With a little over one week before Senegal's presidential elections, candidates are working hard to win over voters. Though some have called into question the fairness of traditional media outlets, candidates are trying new technologies to connect with voters. Jordan Davis reports from VOA's Dakar bureau.
During the three weeks of official campaigning, evening programming on Senegal's state television channel, RTS, is dominated by montages of campaign rallies, and prepared statements from candidates. The idea is to give all 15 candidates equal airtime.
The media watchdog group, Reporters Without Borders has been monitoring how much airtime each candidate gets. In the first week of campaigning, it found incumbent President Abdoulaye Wade and his supporters appeared on television screens significantly more than any other candidate.
Reporters Without Borders' Africa director, Leonard Vincent, says much of the bias stems from news coverage of projects laid out by government ministers, often members of Mr. Wade's campaign team.
"When a minister comes out and says that, in one year, they will do this and that, that means this will be only possible, if Mr. Wade is elected," he said. "So, this is why it is important to tell the Senegalese journalists, who work in the public media that it is very different what they [reporters] do now, and what they were doing one month ago."
Alioune Tine, who is with the Dakar-based human rights group known as RADDHO, says RTS and the country's broadcasting authority have actually been receptive to complaints of bias. Tine says he met with broadcasting authority representatives in recent days.
"I have seen that, for some candidates that got less time, there is a system of compensation. And, it is a very transparent process," he said.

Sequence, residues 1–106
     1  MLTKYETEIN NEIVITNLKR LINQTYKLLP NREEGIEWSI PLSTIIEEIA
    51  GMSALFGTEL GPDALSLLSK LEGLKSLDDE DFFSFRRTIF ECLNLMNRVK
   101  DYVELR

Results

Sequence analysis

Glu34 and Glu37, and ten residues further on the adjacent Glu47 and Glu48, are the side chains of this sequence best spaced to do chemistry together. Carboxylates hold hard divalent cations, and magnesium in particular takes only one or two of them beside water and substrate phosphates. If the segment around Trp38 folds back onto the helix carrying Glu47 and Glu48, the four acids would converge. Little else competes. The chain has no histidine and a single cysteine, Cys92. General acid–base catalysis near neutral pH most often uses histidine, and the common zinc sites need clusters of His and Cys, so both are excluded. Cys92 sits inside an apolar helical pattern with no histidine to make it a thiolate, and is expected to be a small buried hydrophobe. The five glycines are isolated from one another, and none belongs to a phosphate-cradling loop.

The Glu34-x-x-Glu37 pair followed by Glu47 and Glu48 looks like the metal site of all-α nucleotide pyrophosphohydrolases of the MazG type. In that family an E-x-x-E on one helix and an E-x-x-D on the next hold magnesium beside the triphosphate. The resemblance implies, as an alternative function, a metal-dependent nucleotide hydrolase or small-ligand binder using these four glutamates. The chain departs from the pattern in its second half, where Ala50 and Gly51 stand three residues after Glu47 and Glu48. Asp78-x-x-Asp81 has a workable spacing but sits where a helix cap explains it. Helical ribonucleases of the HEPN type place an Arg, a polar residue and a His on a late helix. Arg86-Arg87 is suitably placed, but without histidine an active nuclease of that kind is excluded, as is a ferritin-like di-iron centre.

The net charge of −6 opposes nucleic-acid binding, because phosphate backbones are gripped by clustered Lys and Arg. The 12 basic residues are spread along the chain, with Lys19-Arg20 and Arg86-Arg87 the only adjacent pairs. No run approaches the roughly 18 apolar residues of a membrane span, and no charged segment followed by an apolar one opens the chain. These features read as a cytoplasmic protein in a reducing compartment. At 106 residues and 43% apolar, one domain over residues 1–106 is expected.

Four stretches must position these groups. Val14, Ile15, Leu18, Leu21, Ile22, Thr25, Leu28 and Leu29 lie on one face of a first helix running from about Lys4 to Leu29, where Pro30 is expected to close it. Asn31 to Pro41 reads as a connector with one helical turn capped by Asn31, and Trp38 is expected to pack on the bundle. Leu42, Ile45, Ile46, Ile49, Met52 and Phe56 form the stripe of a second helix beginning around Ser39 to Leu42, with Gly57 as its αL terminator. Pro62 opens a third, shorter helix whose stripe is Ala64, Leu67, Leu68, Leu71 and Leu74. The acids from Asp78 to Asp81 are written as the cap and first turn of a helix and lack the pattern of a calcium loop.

Opposition parties have also complained that, in Dakar, they have been unable to get space on roadside billboards, because all of them were reserved by President Wade's campaign.
But a number of candidates in this election campaign are turning to less traditional ways of getting their messages out.
Cell phone text messaging is becoming a key strategy for a number of candidates, especially because of the country's sizable youth population.
Malik Diop is the youth coordinator for opposition candidate Moustapha Niasse.
Diop says, now, almost everyone has access to a cellular phone, and sending a text message is very inexpensive for a campaign. He says, the campaign sends text messages about the candidate to the country's youth, and asks them to pass it on to their friends.
Incumbent President Wade's victory in 2000 was largely attributed to him carrying the youth vote.
Campaign observers say nearly two million more people have registered to vote for this year's election than seven years ago. Most of them are believed to be young, first-time voters.